In a powerfully written decision, Judge Stephen P. McGlynn of the Southern District of Illinois said Illinois’ new assault weapon ban known as the Protect Illinois Communities Act, or PICA, is likely to be found unconstitutional when the case goes to trial, and the plaintiffs in the consolidated cases will suffer harm without a preliminary injunction to block its enforcement. Two other district court judges, Democrats, ruled in favor of the law, so this issue to the United States Court of Appeals for the Seventh Circuit and potentially the Supreme Court.
The decision is worth reading, but here are a few noteworthy points.
The decision clearly rebuts the state’s attempt to rewrite Supreme Court decisions. For example, the defendants wanted to claim that the protections only applied to guns commonly used in self-defense. But Judge McGlynn writes:
“Bruen clearly holds that the Second Amendment protects “possession and use” of weapons “in common use” not just weapons in common use for self-defense as Defendants’ argued. Even if there was a requirement that the “common use” of an “arm” be self-defense, AR-15 style rifles would meet such a test considering that 34.6% of owners utilize these rifles for self-defense outside of their home and 61.9% utilize them for self-defense at home.”
The defendants also wanted to say that protections only applied to certain parts of the guns, not other parts such as the magazine or a pistol brace. But Judge McGlynn strongly strikes down those arguments:
PICA outlaws possession of a “semiautomatic pistol” with a detachable magazine if it is equipped with any of the following: “a threaded barrel,” “a shroud attached to the barrel or that partially or completely encircles the barrel,” “a flash suppressor,” or “arm brace.” PICA further outlaws possession of a magazine for a handgun capable of holding more than 15 rounds of ammunition and of “[a] semiautomatic pistol that has a fixed magazine with the capacity to accept more than 15 rounds.” Defendants contend that such items are not necessary to the functioning of a firearm and are thus not “arms” and therefore not protected by the Second Amendment.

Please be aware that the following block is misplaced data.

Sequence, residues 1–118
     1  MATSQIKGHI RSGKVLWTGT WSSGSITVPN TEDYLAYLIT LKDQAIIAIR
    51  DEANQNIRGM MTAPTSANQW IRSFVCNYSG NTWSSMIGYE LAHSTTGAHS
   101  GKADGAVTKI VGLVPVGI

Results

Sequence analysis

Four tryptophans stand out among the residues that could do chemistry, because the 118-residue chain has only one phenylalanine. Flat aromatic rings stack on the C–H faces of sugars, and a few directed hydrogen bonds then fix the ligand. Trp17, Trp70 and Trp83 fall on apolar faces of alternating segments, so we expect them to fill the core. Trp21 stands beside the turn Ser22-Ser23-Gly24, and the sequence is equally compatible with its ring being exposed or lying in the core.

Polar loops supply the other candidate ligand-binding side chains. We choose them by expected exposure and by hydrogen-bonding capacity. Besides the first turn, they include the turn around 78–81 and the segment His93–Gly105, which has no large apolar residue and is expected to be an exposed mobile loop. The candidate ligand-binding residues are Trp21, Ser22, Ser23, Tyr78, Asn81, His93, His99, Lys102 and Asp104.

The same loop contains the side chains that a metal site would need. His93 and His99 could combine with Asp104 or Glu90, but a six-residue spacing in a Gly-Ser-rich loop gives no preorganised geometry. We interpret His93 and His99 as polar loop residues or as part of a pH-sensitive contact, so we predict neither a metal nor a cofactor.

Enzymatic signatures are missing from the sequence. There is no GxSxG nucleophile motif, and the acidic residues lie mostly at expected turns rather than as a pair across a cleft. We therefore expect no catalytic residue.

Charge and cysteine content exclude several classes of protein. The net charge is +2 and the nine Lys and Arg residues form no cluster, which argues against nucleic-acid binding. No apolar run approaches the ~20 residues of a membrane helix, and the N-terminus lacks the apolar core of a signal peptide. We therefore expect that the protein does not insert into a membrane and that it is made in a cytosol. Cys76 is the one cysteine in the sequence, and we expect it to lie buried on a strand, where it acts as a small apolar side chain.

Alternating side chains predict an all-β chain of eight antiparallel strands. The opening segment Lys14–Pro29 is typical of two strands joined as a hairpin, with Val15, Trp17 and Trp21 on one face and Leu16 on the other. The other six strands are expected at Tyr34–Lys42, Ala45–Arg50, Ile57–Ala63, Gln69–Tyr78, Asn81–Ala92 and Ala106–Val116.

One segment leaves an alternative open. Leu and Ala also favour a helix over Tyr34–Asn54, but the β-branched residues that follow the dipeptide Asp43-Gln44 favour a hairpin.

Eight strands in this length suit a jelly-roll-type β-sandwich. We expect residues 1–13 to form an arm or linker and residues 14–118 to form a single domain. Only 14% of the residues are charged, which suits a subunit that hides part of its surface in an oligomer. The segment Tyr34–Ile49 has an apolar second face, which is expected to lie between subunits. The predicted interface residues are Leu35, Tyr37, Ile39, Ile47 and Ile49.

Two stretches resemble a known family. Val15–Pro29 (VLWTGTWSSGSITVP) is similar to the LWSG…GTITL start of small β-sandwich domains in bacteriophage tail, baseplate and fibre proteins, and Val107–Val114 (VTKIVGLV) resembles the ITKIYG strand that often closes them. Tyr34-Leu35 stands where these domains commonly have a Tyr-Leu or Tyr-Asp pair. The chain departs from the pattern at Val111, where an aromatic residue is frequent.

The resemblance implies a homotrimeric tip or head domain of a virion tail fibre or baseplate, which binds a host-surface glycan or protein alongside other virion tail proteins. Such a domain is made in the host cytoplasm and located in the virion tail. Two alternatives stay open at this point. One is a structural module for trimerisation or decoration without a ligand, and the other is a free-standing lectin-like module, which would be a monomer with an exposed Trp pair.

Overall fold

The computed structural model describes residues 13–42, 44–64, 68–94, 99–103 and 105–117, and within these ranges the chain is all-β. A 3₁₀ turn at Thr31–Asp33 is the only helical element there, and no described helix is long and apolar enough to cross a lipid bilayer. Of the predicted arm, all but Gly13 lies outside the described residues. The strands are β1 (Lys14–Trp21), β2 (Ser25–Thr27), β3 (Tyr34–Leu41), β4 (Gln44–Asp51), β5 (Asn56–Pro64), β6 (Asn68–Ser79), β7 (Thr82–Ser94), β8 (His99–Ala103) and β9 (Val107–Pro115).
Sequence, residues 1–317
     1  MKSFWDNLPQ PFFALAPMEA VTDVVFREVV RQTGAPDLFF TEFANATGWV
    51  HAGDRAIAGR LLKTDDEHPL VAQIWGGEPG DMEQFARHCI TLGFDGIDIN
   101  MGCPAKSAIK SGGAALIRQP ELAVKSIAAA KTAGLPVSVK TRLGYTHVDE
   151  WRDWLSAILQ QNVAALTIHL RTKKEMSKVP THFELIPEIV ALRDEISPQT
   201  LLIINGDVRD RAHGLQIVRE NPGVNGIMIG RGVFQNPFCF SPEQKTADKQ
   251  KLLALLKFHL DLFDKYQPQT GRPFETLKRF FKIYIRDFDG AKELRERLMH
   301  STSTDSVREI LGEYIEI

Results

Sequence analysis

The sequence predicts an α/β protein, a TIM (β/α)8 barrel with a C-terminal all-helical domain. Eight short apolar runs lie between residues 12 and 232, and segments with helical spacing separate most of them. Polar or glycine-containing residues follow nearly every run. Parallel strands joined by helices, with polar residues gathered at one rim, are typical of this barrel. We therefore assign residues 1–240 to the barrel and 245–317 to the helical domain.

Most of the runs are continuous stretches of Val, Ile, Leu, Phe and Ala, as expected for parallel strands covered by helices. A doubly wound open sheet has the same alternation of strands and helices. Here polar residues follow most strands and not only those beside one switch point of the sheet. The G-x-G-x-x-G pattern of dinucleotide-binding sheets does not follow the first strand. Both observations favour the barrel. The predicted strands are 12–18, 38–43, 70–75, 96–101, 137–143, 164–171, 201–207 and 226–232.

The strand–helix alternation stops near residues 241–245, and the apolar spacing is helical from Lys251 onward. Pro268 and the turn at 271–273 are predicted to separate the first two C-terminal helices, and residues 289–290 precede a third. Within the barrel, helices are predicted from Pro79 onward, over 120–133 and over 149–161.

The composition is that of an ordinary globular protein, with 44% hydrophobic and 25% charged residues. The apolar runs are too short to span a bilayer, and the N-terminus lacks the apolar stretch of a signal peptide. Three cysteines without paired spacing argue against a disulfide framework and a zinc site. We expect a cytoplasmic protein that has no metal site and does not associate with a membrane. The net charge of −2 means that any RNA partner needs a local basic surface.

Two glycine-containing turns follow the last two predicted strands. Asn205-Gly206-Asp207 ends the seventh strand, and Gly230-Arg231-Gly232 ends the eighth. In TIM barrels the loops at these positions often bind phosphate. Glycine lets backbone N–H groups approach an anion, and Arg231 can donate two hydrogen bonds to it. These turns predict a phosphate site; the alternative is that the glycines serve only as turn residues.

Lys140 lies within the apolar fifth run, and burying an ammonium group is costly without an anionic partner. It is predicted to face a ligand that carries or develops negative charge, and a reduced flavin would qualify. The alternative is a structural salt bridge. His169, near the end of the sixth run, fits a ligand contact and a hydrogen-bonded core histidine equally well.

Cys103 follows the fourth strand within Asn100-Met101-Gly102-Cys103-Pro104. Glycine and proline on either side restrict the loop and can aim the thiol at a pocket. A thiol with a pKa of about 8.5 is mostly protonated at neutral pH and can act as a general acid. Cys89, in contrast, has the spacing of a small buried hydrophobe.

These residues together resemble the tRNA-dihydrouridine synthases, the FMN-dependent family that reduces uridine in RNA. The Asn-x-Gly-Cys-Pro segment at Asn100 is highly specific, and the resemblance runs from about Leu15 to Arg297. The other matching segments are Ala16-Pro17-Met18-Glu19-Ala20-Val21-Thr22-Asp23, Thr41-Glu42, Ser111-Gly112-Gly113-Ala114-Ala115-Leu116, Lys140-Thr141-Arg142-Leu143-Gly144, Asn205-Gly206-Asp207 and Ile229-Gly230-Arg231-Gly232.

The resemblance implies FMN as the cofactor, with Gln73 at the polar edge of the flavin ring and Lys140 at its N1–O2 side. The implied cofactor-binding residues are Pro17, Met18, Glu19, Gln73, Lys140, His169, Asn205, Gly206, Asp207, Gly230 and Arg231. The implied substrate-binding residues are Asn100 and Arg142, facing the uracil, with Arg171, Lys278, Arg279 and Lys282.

Defendants’ argument is not persuasive. The Seventh Circuit has recognized the Second Amendment as extending to “corollar[ies] to the meaningful exercise of the core right to possess firearms for self-defense.” It is hard to imagine something more closely correlated to the right to use a firearm in self-defense than the ability to effectively load ammunition into the firearm. The Third Circuit recognized the importance of this corollary and held that “a magazine is an arm under the Second Amendment.”. . .
It is hard to imagine something more closely correlated to the right to use a firearm in self-defense than the ability to effectively load ammunition into the firearm. . . .
PICA also interferes with the meaningful exercise of Second Amendment rights for one group of individuals — those with disabilities. To provide one example, consider arm braces for semiautomatic pistols. As noted above, PICA prohibits the use of an arm brace on any semiautomatic pistol with a detachable magazine without any caveat or exceptions. The Department of Justice has also attempted to regulate possession and registration of arm braces. However, one notable distinction exists. The Bureau of Alcohol, Tobacco, Firearms, and Explosives (“ATF”) has recognized that such braces are necessary for those with disabilities to use a firearm by directing that “[t]his rule does not affect ‘stabilizing braces’ that are objectively designed and intended as a ‘stabilizing brace’ for use by individuals with disabilities.” . . .